Building Go apps with private gitlab modules in Docker


I am trying to build my go apps on a docker file. Inside my go.mod there is private package that needs authentication/ssh. This question is similar to Building Go apps with private modules in Docker, but in my case is i have to pull package from gitlab not from github. Here is my dockerfile:

# builder image
FROM golang:1.14.11-alpine AS builder

# specific directory for build process
WORKDIR /usr/src/build

# copying the source code 
# to the current working directory
COPY . .
RUN apk add --no-cache openssh-client
RUN apk add --no-cache git

# create ssh directory
RUN mkdir ~/.ssh
RUN touch ~/.ssh/known_hosts
RUN ssh-keyscan -t rsa >> ~/.ssh/known_hosts

# allow private repo pull
RUN git config --global url."".insteadOf ""

ADD . /go/src/
CMD cd /go/src/; go get /go/src/ && go build -o /go/bin/backend-structs

# executing build process
RUN GOOS=linux go build -ldflags="-s -w" -o app

# runtime image
FROM golang:1.14.11-alpine AS runtime

# create and use non-root user
# to increase container security 
# ref
RUN adduser myuser --disabled-password

USER myuser

WORKDIR /home/myuser

# copy the executable binary file from builder directory
# to the current working directory
COPY --from=builder /usr/src/build/app .

# exposing port

# run the application
CMD ["./app"]

i have tried to follow this tutorial , by changing to still failed.

Here is the error details:

#17 5.830       remote: HTTP Basic: Access denied
#17 5.830       fatal: Authentication failed for ''
executor failed running [/bin/sh -c GOOS=linux go build -ldflags="-s -w" -o app]: exit code: 1

anyone here knows how to create dockerfile with golang private package(repo is hosted in ?


In my experience, do NOT use git configs to solve this. Only use ~/.netrc. Here is a guide a made specifically for this:

I’ll paste its contents below as well.


The go command line tool needs to be able to fetch dependencies from your private GitLab, but authenticaiton is required.

This assumes your private GitLab is hosted at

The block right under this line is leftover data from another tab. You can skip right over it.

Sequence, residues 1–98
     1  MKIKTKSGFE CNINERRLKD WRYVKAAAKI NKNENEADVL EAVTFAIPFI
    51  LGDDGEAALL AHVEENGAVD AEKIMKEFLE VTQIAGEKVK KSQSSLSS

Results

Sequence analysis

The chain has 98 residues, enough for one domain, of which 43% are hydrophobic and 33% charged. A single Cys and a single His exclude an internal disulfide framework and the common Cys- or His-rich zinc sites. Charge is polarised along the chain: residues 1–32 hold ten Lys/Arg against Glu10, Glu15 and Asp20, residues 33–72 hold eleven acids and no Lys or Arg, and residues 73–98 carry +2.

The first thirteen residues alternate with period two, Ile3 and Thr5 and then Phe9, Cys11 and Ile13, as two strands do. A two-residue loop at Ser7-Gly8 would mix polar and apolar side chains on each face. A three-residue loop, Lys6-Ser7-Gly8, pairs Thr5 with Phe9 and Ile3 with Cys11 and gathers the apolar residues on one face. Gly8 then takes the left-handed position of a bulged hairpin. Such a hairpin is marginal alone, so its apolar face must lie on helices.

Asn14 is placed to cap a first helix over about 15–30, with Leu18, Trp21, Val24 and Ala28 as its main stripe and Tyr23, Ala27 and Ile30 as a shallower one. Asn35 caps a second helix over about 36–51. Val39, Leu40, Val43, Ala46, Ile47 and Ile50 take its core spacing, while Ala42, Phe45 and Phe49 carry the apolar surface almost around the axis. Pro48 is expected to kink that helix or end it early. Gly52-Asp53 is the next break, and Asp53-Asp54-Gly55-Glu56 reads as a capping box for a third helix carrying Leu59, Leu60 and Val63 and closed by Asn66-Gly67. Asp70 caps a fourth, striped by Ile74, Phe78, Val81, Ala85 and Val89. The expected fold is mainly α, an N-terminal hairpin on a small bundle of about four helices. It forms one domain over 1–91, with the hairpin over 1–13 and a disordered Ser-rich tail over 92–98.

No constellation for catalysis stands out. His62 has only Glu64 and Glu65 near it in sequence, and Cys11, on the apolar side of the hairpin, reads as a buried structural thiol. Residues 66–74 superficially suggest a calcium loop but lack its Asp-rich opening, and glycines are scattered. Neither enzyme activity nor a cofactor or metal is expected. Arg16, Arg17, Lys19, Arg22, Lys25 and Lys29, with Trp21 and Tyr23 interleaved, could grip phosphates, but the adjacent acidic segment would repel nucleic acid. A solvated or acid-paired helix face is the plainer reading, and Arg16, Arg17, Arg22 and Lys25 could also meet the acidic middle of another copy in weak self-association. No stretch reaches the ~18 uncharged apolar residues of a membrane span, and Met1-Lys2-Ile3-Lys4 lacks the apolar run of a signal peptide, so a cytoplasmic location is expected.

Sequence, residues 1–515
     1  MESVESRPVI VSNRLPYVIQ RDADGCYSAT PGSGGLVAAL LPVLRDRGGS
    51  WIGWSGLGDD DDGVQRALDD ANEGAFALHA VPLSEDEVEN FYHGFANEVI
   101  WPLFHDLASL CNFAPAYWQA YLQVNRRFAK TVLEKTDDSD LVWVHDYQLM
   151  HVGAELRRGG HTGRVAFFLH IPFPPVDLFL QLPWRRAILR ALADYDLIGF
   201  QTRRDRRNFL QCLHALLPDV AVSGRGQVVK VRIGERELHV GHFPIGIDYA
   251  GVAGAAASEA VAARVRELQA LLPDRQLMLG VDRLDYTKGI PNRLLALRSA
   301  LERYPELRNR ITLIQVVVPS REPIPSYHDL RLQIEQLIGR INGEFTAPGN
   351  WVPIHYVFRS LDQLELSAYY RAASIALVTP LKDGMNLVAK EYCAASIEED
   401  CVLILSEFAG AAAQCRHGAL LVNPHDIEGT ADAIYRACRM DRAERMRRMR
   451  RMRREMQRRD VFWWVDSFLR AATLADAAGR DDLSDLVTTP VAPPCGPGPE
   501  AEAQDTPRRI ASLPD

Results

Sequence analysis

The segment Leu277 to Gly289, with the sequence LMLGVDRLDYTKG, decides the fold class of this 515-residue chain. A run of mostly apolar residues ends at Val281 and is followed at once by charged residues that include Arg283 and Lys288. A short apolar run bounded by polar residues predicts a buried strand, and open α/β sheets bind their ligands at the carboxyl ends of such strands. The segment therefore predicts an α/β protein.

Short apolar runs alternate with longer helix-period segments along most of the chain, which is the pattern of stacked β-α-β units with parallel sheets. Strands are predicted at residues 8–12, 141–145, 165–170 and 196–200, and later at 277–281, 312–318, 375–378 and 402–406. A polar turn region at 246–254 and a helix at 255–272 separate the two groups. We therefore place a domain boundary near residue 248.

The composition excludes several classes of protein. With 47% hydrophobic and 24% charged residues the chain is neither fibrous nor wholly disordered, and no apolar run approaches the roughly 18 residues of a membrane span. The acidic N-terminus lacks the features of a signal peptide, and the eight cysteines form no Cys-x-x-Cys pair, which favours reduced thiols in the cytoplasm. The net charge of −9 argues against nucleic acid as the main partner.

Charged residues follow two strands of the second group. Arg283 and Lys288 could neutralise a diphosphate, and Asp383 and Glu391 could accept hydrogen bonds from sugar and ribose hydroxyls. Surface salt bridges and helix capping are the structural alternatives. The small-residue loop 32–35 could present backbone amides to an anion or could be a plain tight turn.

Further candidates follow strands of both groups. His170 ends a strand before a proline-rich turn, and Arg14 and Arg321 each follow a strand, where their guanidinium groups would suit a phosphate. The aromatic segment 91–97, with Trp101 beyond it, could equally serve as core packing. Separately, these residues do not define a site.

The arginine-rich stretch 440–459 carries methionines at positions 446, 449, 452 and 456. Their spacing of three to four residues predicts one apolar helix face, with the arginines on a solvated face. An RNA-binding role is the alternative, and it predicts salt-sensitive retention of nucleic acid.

Environment variables

The following environment variables are recommended:

export GO111MODULE=on

The above lines might fit best in your shell startup, like a ~/.bashrc.


GO111MODULE=on tells Golang command line tools you are using modules. I have not tested this with projects not using
Golang modules on a private GitLab. tells Golang command line tools to not use public internet resources for the hostnames
listed (like the public module proxy).

Get a personal access token from your private GitLab

To future proof these instructions, please follow this guide from the GitLab docs.
I know that the read_api scope is required for Golang command line tools to work, and I may suspect read_repository as
well, but have not confirmed this.

Set up the ~/.netrc

In order for the Golang command line tools to authenticate to GitLab, a ~/.netrc file is best to use.

To create the file if it does not exist, run the following commands:

touch ~/.netrc
chmod 600 ~/.netrc

Now edit the contents of the file to match the following:

machine login USERNAME_HERE password TOKEN_HERE

Where USERNAME_HERE is replaced with your GitLab username and TOKEN_HERE is replaced with the access token aquired in the
previous section.

Common mistakes

Do not set up a global git configuration with something along the lines of this:

git config --global url."".insteadOf ""

I beleive at the time of writing this, the SSH git is not fully supported by Golang command line tools and this may cause
conflicts with the ~/.netrc.

Bonus: SSH config file

For regular use of the git tool, not the Golang command line tools, it’s convient to have a ~/.ssh/config file set up.
In order to do this, run the following commands:

mkdir ~/.ssh
chmod 700 ~/.ssh
touch ~/.ssh/config
chmod 600 ~/.ssh/config

Please note the permissions on the files and directory above are essentail for SSH to work in it’s default configuration on
most Linux systems.

Then, edit the ~/.ssh/config file to match the following:

  IdentityFile ~/.ssh/id_rsa

Please note the spacing in the above file matters and will invalidate the file if it is incorrect.

Where USERNAME_HERE is your GitLab username and ~/.ssh/id_rsa is the path to your SSH private key in your file system.
You’ve already uploaded its public key to GitLab. Here are some instructions.

Answered By – Micah Parks

Answer Checked By – Dawn Plyler (GoLangFix Volunteer)

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